Health Insurance Marketplace Premiums Mostly Stay Steady for 2022
In recent months, the main economic story in America has been inflation. Two weeks ago, the Bureau of Labor Statistics’ October Consumer Price Index showed prices increasing by 6.2% over the past 12 months, marking the largest yearly increase since 1990. Yet, despite prices climbing on a number of everyday items, it looks as though health insurance premiums purchased on state and federal marketplaces will remain relatively unchanged from 2021.
According to a new analysis from ValuePenguin, the national average for health insurance premiums will stay virtually unchanged for 2022. This puts the average monthly premium payment at $541 and the average annual cost at $6,487. Looking more closely, the various tiers of plans have seen some adjustments, with Platinum Tier (the top tier) plans down an average of 4.35% while Bronze Tier plans increased 2.47% and Expanded Bronze Tier plans were up 3.21%. Catastrophic, Silver, and Gold Tier plans all moved less than 1% from their 2021 averages.
Of course, while that $541 figure is the national average, there are several states well above or below that figure For example, in West Virginia and South Dakota, the average premiums are more than 50% higher than they are nationally, coming in at to $831 and $811 a month respectively. What’s more, those average prices are up 23% in South Dakota and 19% in West Virginia for 2022. On the other hand, those in Georgia enjoy prices more than 42% below the nationwide number, averaging just $309 a month. That also happens to be down 41% from 2021’s average, which is far and away the biggest year-over-year drop seen in any state. Other states far off the average include Wyoming (+41%), Vermont (+40%), Louisiana (+34%), New Hampshire (-33%), Maryland (-32%), Minnesota (-28%), and Colorado (-24%).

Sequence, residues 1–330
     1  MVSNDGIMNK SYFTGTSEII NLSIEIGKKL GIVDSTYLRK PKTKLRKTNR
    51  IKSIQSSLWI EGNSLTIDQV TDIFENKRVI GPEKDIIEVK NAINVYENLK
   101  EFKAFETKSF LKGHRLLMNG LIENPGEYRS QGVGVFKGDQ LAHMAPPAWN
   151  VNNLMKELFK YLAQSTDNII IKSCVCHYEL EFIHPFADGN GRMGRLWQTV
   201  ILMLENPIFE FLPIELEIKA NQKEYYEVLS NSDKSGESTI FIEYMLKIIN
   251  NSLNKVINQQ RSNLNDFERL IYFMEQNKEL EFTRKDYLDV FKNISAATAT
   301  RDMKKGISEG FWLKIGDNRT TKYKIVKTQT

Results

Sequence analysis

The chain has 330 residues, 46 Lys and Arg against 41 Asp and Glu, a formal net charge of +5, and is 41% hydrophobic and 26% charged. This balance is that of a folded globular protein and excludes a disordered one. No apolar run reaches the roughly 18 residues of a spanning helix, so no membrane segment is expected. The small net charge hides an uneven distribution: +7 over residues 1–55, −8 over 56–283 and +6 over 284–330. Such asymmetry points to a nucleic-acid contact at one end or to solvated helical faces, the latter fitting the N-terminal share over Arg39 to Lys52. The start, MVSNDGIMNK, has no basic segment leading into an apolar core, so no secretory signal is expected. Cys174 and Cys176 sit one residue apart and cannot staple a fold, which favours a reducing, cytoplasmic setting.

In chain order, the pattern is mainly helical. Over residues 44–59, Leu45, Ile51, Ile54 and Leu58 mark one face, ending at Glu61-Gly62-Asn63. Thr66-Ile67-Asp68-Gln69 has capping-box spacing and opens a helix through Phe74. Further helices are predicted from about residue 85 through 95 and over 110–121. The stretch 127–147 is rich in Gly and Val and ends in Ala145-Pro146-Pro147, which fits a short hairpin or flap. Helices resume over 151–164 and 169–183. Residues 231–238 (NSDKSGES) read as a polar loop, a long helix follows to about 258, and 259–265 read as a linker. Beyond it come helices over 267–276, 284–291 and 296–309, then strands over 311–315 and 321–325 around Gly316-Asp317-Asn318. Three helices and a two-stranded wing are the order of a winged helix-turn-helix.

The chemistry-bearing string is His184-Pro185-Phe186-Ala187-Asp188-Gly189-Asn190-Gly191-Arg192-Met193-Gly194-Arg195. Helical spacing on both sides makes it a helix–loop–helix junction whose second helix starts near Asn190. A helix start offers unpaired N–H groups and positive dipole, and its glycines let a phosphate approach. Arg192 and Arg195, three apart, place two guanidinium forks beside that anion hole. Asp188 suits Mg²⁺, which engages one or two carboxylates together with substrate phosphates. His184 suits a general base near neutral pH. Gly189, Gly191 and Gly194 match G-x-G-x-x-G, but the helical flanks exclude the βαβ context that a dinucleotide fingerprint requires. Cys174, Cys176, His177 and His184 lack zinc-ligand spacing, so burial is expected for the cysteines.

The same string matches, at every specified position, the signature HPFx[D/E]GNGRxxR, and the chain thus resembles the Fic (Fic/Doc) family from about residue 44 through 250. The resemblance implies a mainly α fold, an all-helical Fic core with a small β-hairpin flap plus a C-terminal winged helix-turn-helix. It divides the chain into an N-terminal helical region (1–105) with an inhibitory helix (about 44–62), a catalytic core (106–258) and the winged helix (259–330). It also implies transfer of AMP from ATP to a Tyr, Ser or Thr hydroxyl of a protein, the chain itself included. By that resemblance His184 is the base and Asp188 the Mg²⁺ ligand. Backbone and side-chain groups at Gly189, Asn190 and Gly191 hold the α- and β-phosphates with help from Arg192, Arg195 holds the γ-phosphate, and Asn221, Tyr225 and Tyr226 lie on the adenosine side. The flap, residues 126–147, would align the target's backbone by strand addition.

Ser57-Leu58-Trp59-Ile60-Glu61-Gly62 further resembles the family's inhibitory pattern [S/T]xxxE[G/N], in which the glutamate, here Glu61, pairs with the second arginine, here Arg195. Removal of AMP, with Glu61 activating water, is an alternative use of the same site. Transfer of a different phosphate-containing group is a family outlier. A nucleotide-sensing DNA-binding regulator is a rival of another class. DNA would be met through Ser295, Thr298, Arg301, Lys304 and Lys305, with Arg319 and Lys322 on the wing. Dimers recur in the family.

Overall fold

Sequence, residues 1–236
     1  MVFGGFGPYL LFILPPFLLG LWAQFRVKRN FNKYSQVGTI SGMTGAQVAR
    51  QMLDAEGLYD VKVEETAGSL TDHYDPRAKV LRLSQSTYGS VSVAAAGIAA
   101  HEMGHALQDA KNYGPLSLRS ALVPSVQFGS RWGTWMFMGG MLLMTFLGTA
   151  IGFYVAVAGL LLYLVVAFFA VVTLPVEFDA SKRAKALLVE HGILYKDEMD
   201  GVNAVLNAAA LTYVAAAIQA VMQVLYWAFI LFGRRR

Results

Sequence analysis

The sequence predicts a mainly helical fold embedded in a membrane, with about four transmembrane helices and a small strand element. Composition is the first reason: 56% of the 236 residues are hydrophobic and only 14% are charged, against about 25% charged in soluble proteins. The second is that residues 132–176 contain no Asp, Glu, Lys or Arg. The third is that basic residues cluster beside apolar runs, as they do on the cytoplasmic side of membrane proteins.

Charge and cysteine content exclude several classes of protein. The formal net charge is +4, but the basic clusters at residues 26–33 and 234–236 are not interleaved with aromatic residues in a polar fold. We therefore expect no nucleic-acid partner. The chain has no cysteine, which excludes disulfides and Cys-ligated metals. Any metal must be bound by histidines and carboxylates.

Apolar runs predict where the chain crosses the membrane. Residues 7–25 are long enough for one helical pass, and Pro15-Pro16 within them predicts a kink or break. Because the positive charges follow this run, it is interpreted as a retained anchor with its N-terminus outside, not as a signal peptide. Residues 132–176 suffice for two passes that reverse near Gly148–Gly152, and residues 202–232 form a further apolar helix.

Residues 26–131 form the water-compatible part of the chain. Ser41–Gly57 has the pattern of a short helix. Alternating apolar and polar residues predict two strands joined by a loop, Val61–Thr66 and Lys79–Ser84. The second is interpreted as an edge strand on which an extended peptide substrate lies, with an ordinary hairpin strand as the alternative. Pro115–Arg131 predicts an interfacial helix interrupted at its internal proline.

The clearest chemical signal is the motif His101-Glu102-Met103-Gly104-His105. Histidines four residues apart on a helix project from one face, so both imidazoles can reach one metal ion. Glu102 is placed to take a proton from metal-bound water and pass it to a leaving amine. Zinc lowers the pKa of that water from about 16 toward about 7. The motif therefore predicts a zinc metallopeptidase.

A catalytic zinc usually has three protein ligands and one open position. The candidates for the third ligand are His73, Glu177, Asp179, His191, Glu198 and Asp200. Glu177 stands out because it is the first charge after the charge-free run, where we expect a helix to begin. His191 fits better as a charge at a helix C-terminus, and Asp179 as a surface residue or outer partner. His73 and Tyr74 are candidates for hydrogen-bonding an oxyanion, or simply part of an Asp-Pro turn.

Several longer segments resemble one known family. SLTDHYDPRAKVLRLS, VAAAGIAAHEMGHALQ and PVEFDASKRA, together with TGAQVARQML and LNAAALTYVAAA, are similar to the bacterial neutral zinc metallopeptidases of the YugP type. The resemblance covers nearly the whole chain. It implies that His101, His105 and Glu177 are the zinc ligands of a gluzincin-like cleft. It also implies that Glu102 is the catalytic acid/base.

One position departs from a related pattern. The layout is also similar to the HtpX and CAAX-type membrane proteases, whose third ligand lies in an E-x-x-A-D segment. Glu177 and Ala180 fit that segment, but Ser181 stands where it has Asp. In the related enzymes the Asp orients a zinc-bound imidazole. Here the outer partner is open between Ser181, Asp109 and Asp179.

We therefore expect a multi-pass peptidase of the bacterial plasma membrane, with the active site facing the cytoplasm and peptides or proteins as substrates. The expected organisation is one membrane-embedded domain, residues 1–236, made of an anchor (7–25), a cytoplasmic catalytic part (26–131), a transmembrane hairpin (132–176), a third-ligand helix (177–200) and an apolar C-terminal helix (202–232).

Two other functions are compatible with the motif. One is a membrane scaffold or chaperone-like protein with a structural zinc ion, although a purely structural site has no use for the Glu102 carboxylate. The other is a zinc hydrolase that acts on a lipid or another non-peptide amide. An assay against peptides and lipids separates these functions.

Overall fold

Commenting on ValuePenguin’s findings, the site’s Health Insurance expert Robin Townsend stated, “Nationally, the cost of full-price Affordable Care Act (ACA) plans rose by less than 1% for 2022. For states with larger rate increases, insurers cite an overall jump in health care costs, including prescription drug prices, as drivers. Townsend continued, “Other factors mentioned by insurers include the ongoing COVID-19 pandemic, with an increase in vaccine administration and the impact of the delta variant prompting higher rates in 2022.”
Even though the situation varies in many of these United States, the good news is that average 2022 ACA health insurance premiums are largely in line with 2021 rates. On that note, HealthCare.gov’s open enrollment period is now underway, accepting applications through December 15th for coverage starting January 1st — although those with qualifying events can apply throughout the year. Therefore, those who don’t have insurance through an employer should be sure to explore their coverage options before that deadline.